HC Deb 27 June 1989 vol 155 cc400-1W
Mr. Greg Knight

To ask the Secretary of State for the Home Department what steps he has taken to review the operation of the extended fixed penalty system introduced on 1 October 1986 under the provisions of part III of the Transport Act 1982, now part III of the Road Traffic Offenders Act 1988; and if he will make a statement.

Mr. Hurd

A working group comprising representatives of the Home Office, Department of Transport, the police service and the courts was formed early in 1988 to review the operation of the extended penalty system. I have received its report, a copy of which has been placed in the Library.

The report concludes that the new procedures are broadly meeting their objectives which were:

  1. (i) to improve the efficiency and effectiveness of road traffic law enforcement;
  2. (ii) to improve police-public relations in road traffic encounters;
  3. (iii) to reduce the burden of prosecution for the police, the Crown prosecution service and the courts; and
  4. (iv) to improve the level of compliance as compared with the previous fixed penalty system.

The working group has, however, identified a number of areas where some "fine tuning" is required.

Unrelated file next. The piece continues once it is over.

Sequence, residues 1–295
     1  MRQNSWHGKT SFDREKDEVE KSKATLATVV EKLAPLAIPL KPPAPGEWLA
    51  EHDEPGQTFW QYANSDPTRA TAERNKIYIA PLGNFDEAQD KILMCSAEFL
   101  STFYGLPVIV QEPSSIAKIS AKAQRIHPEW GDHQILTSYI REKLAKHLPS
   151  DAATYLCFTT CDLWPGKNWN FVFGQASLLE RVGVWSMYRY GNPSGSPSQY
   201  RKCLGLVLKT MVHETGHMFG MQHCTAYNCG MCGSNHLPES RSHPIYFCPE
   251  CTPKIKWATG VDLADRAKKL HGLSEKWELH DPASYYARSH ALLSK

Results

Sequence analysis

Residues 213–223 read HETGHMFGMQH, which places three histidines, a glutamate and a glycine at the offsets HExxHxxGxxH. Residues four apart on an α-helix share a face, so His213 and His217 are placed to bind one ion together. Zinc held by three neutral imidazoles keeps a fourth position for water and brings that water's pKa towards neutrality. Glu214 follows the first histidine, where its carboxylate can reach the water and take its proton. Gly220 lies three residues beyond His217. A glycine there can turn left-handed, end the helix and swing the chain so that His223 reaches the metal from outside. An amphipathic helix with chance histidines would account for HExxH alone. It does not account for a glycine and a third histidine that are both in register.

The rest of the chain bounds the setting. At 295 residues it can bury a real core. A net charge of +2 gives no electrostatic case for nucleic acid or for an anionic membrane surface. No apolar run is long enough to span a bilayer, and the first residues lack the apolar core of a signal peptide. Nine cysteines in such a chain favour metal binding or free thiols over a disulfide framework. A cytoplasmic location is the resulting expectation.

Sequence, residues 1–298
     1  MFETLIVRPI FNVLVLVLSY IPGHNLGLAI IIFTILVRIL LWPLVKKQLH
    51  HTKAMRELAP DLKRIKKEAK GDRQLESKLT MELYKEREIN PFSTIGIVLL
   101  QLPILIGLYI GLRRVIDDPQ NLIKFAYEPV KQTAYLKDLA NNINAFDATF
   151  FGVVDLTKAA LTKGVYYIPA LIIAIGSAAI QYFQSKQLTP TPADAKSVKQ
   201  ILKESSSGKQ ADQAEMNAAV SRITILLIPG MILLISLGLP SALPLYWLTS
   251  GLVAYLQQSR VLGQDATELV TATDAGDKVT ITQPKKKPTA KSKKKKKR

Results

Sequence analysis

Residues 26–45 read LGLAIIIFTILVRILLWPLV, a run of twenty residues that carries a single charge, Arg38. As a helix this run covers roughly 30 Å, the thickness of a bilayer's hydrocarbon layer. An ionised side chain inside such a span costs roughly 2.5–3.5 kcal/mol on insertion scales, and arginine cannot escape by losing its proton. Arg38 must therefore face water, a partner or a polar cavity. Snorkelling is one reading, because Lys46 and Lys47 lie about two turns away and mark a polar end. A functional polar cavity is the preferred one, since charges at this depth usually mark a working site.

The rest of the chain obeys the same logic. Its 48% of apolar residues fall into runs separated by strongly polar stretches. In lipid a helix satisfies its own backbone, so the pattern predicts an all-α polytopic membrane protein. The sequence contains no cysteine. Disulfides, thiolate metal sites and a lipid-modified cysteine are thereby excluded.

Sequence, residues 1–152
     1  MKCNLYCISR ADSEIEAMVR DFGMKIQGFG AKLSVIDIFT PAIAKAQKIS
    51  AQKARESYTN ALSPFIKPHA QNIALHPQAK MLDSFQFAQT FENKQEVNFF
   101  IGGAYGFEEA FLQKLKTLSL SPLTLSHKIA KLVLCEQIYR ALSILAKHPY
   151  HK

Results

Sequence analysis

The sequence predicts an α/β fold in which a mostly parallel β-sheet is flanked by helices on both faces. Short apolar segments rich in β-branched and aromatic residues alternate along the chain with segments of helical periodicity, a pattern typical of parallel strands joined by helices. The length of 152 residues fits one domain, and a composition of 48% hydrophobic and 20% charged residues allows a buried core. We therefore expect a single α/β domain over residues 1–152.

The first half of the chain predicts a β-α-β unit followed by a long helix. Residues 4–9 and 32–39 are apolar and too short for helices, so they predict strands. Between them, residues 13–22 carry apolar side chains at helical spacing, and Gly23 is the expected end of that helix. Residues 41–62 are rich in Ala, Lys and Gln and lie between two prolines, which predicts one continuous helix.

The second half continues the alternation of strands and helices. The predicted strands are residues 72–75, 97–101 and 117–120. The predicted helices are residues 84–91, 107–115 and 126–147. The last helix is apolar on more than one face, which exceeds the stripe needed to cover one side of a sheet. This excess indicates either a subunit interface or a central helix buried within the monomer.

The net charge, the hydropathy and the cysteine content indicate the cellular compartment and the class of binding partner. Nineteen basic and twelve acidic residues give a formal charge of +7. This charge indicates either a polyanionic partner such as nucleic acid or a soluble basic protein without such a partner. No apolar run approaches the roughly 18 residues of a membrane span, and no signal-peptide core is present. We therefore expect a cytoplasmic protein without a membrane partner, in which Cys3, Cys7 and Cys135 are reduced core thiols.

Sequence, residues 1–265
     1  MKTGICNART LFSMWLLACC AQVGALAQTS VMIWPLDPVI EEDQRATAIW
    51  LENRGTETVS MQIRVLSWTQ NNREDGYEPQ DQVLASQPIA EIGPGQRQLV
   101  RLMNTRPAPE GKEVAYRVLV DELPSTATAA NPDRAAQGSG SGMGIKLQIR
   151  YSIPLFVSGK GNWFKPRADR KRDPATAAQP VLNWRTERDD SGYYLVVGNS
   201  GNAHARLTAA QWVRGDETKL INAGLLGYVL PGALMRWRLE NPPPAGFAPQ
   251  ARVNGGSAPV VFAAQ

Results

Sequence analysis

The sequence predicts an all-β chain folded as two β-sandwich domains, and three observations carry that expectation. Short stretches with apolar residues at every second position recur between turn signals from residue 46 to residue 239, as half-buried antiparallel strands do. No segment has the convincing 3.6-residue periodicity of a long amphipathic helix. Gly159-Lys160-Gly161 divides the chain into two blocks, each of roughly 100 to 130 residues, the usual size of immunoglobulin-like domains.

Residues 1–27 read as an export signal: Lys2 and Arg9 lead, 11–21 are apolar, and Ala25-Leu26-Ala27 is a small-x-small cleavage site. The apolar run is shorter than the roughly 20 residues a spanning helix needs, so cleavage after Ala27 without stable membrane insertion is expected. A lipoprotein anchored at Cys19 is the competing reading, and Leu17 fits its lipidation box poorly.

While the extension of the fixed penalty system to a far wider range of less serious road traffic offences has produced a substantial drop in the number of court proceedings, there has been a significant increase in the numbers of fixed penalty notices issued. This has placed a considerable burden on the courts and the police in registering and enforcing unpaid fixed penalties.

The new arrangements whereby unpaid fixed penalties are enhanced by 50 per cent. and registered and enforced as fines has led to some improvement in early payment rates, particularly in London where, under the previous system, the problem of unpaid fixed penalties was most acute. However, there is still scope for improvement and the working group has identified a number of administrative measures to reduce the number of cases reaching the fine enforcement stage and, for those which do, to ensure that fine recovery is achieved as effectively and efficiently as possible.

The working group recommends that the fixed penalty levels should be increased. The levels were set in 1986 at £12 for non-endorsable offences and £24 for endorsable offences. The report recommends that these should be increased to £15 and £30 respectively with effect from 1 January 1990. As required by section 88 of the Road Traffic Offenders Act 1988, I shall be consulting representative organisations about these proposed increases. I shall also be seeking views about those of the working group's other recommendations which would involve primary legislation.

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